"I am putting myself to the fullest possible use, which is all I think that any conscious entity can ever hope to do."
-Hal, 2001: A Space Odyssey
Welcome to the internet’s one billionth blog! (Please don’t be alarmed by the balloons falling down around you, they are 100% organic, free-trade latex.)
My name is George and I’ll be your host through this motley hodgepodge of rants, short-stories, and brain-droppings. Although much of what you see might appear unconnected, there is a general theme: life in the "Web 2.0" age is becoming unmanageable for people who did not grow up with the internet embedded in their daily life (digital immigrants). Although our technological gurus have made promises that seemingly justify the inherent trade-off involved when we fast-track our lives, this site is for those who take those promises with a grain of salt.
I believe that people—like myself—who were born around 1980 belong to a special subset generation that will forever live in-between the analog and digital worlds, never fully outgrowing one and never acclimating to the other. If we want to survive the digital age with our sanity intact, we need to take time out of their oversubscribed schedules to understand the changing media landscape—the information environment that surrounds us and binds us—or otherwise become either prematurely obsolete or be forever playing catch-up.
The pace of 21st Century cannot be overestimated, but the types of changes are so numerous as to prove daunting to almost anyone interested in grasping the impact they will have on their own life. In an age of information overload, I want to avoid merely adding to the fracas of words and slogans (“don’t be evil” and “everything that’s bad is good for you”) and instead attempt a curatorial feat of merely highlighting the best of what’s out there. Over-arching themes will include:
- The future belongs to the rich (more so than the present);
- Democracy’s drift towards the dustbin of history thanks to technological atrophy of the public sphere;
- Predicting the role of the cities of the future as impacts economics, culture, and social justice;
- The demise of 20th Century journalistic standards and practices; and
- The increased personalization of mediated experience, which will make life look like Demolition Man had a baby with Minority Report.
I’ll focus on the books, articles, TED talks, podcasts, etc., especially for those of you who are neither technophiles nor technophobes but still believe that embracing and understanding technology is necessary for your professional and personal survival. These sources will be chosen from my own drifting on a sea of words and opinions, having fished out what’s useful to me. I am representative of many 28+ year olds (digital immigrants) who just don’t see the point of most technological boosterism coming out of outlets such as TechCrunch, Fast Company, and especially Wired. This blog is for you if one or more of the following are true:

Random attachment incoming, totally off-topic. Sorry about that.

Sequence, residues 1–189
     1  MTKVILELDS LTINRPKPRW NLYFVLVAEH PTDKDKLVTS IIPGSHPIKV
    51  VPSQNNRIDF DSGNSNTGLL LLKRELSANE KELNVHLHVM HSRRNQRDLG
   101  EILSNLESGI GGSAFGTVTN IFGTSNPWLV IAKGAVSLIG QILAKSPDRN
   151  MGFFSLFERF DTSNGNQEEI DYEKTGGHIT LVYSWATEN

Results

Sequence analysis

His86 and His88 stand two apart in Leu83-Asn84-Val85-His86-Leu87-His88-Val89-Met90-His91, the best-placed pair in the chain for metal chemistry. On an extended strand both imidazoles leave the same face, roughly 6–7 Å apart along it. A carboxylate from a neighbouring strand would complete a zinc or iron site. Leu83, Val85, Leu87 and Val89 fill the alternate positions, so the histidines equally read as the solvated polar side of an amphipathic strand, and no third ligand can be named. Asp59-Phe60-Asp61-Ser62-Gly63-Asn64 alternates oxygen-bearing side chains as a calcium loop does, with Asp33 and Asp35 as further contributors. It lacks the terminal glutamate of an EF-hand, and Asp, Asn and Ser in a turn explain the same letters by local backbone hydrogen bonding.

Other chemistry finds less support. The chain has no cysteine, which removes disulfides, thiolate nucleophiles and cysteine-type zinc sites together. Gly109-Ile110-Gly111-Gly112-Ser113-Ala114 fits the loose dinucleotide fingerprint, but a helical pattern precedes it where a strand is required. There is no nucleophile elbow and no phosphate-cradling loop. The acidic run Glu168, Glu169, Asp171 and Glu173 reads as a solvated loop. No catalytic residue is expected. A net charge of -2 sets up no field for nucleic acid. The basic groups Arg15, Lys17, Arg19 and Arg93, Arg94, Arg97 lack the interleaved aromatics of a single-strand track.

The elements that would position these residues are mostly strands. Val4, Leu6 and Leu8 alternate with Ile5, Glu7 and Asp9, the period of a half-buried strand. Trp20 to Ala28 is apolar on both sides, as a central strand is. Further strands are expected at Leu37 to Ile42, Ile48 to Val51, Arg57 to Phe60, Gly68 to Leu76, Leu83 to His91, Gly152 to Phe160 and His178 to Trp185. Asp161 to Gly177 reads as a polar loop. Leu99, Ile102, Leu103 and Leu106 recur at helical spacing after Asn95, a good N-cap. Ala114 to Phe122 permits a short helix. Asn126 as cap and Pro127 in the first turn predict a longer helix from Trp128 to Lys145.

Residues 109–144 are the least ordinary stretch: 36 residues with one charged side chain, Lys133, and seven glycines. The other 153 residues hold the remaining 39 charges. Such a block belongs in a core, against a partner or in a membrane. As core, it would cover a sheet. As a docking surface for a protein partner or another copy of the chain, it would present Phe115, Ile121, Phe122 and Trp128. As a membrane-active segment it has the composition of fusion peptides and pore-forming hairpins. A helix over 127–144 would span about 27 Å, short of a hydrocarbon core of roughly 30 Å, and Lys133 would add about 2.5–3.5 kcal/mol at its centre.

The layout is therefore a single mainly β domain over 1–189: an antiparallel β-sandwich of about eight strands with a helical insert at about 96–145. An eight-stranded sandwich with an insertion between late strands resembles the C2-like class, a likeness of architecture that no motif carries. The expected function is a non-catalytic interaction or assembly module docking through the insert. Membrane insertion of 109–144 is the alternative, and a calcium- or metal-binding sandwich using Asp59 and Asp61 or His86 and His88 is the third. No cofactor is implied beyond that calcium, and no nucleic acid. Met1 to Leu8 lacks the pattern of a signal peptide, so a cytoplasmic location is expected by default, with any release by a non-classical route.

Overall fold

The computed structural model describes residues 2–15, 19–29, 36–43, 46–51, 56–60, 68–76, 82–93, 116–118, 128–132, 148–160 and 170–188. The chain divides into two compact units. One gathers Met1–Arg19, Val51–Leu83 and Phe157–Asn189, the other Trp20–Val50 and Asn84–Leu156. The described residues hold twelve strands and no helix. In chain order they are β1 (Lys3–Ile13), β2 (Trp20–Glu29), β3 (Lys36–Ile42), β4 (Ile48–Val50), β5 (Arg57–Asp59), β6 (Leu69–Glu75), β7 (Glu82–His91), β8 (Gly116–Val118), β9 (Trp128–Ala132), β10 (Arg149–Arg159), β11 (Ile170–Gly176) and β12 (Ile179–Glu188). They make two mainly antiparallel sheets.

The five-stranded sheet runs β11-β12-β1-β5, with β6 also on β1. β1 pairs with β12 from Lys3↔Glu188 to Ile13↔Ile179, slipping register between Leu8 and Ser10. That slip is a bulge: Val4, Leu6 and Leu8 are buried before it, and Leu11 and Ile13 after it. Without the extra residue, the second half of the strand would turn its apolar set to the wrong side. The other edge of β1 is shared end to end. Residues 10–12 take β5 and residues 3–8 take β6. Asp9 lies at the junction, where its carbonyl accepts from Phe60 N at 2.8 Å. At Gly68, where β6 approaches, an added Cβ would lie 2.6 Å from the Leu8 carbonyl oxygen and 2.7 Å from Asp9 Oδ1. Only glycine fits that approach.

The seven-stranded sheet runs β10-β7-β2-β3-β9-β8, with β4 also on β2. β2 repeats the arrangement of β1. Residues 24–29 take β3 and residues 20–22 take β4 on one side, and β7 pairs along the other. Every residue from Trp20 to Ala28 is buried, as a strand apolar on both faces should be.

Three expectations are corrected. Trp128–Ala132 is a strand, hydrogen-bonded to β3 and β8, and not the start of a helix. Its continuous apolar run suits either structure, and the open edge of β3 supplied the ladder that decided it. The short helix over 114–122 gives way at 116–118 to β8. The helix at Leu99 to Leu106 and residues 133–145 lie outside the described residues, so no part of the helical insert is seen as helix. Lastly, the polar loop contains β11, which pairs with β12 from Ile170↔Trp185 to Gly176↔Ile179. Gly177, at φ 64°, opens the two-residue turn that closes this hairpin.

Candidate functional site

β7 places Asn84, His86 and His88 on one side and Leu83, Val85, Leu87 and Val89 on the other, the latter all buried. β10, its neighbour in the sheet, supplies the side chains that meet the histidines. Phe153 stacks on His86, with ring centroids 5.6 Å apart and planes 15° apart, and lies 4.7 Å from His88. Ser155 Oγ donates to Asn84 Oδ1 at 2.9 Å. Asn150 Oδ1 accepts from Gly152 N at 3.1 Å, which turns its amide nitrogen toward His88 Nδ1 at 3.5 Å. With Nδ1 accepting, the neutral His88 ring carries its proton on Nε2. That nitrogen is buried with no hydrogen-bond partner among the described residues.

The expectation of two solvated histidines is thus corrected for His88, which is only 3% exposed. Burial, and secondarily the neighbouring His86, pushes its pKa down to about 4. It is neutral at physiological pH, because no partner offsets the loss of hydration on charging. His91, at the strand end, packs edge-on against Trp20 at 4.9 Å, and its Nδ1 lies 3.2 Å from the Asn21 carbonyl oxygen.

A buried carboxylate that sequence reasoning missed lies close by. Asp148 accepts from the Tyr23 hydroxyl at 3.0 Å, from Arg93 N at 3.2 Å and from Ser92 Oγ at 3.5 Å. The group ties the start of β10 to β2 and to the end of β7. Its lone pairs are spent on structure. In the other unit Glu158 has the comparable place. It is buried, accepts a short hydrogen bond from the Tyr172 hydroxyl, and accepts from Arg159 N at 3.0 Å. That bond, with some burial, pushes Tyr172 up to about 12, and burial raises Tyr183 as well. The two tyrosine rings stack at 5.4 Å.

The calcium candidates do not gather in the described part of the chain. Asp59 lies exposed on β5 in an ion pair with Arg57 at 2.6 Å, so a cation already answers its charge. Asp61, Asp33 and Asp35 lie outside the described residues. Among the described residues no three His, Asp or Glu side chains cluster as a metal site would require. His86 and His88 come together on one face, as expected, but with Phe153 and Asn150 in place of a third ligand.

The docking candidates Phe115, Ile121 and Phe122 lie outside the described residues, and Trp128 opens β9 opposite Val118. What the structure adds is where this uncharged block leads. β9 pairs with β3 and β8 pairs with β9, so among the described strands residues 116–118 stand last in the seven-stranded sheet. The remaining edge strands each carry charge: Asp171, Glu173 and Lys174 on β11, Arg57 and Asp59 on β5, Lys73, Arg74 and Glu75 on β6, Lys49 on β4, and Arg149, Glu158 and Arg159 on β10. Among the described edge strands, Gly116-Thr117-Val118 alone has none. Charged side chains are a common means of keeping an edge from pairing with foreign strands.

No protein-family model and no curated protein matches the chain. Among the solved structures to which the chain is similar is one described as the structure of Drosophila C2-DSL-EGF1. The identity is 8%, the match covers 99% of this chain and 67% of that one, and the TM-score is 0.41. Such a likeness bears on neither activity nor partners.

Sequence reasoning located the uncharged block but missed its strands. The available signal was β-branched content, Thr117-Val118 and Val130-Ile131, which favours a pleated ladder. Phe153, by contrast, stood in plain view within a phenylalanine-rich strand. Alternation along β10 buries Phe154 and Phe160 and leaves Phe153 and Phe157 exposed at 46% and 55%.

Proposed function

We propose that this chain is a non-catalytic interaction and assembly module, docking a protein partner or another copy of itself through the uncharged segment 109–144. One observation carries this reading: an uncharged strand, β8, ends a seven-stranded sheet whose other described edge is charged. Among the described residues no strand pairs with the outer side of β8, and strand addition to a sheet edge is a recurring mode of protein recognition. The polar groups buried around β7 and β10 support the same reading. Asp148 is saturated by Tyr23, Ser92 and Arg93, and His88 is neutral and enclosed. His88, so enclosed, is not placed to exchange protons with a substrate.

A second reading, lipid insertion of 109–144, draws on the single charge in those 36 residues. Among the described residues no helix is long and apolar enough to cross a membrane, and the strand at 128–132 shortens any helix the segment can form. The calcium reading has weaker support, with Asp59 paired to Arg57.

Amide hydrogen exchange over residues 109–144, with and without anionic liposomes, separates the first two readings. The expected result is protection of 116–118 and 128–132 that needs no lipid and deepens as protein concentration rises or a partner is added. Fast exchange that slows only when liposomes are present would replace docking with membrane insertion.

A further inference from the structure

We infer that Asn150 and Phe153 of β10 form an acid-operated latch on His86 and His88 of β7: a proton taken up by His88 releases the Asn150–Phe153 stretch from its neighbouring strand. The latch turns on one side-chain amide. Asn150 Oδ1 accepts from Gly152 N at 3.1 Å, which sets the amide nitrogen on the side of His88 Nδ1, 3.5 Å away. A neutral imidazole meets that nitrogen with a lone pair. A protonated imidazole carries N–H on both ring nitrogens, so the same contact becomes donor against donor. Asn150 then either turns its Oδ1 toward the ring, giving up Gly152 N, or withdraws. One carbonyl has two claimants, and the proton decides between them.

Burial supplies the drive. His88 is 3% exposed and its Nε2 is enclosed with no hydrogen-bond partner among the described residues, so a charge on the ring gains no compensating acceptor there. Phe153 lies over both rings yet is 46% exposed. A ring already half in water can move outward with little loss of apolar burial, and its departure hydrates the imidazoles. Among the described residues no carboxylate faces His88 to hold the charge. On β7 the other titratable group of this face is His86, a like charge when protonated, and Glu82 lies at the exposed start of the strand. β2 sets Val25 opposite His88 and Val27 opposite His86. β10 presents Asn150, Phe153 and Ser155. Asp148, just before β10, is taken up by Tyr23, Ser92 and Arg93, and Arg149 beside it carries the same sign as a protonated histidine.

You embrace new technology only when its worth and value have been proven by others but refrain from downloading new software just to try it;
You have had the same laptop for the last five years and are baffled by people who buy a new iPhone with each new generation;
- You got really pissed off when Google Maps/iTunes/Facebook forced you to adopt their new version, regardless of how spiffy it looked;
- You have never received a Snap Chat, have never been ‘mayor’ of store, or needed someone under the age of 30 explain how hash-tagging works;
- You still own CDs
- You make more than one non-work-related phone call per week; or
- You make sure your texts are grammatically correct and fully spelled-out before sending.
However, just because we digital immigrants don’t see a need for snapchatting and retweeting, it does not mean we should collectively bury our head in the ground. The digital natives of the world are coming up and soon it will be their world as much as ours. If we don’t want to be on the wrong end of ageism before our time, we must adopt a posture of open-mindedness, vigilance, groundedness, and empathy, which are our only comparative advantages in this new digital meta-country we're all living in.
The future belongs to the programmers. They speak a different language than us and one day we will be penalized like all immigrants for not assimilating. But our analogue outlook is worth preserving as much as your grandma’s tomato sauce recipe or grandfather’s annotated torah. Eventually, on our way to dying out, we digital immigrants will be a minority; and perhaps we’ll be treated as such by our own children.
I do not claim that by eschewing the latest technologies, we somehow become nobler beings. But, people should have a choice to believe what they want and automatically adopting new technology into the workplace and expecting everyone to incorporate them into their life is shoe-horning people into a set of beliefs and a subtextual ethos that borders on the religious (especially if you’ve ever heard one of these tech-types talk about the future). As digital immigrants, we will have to adjust to these impositions while navigating adulthood amidst worsening economic circumstances and encumbered by the unrealistic expectations of our forebears.
Great. Really looking forward to these next few decades.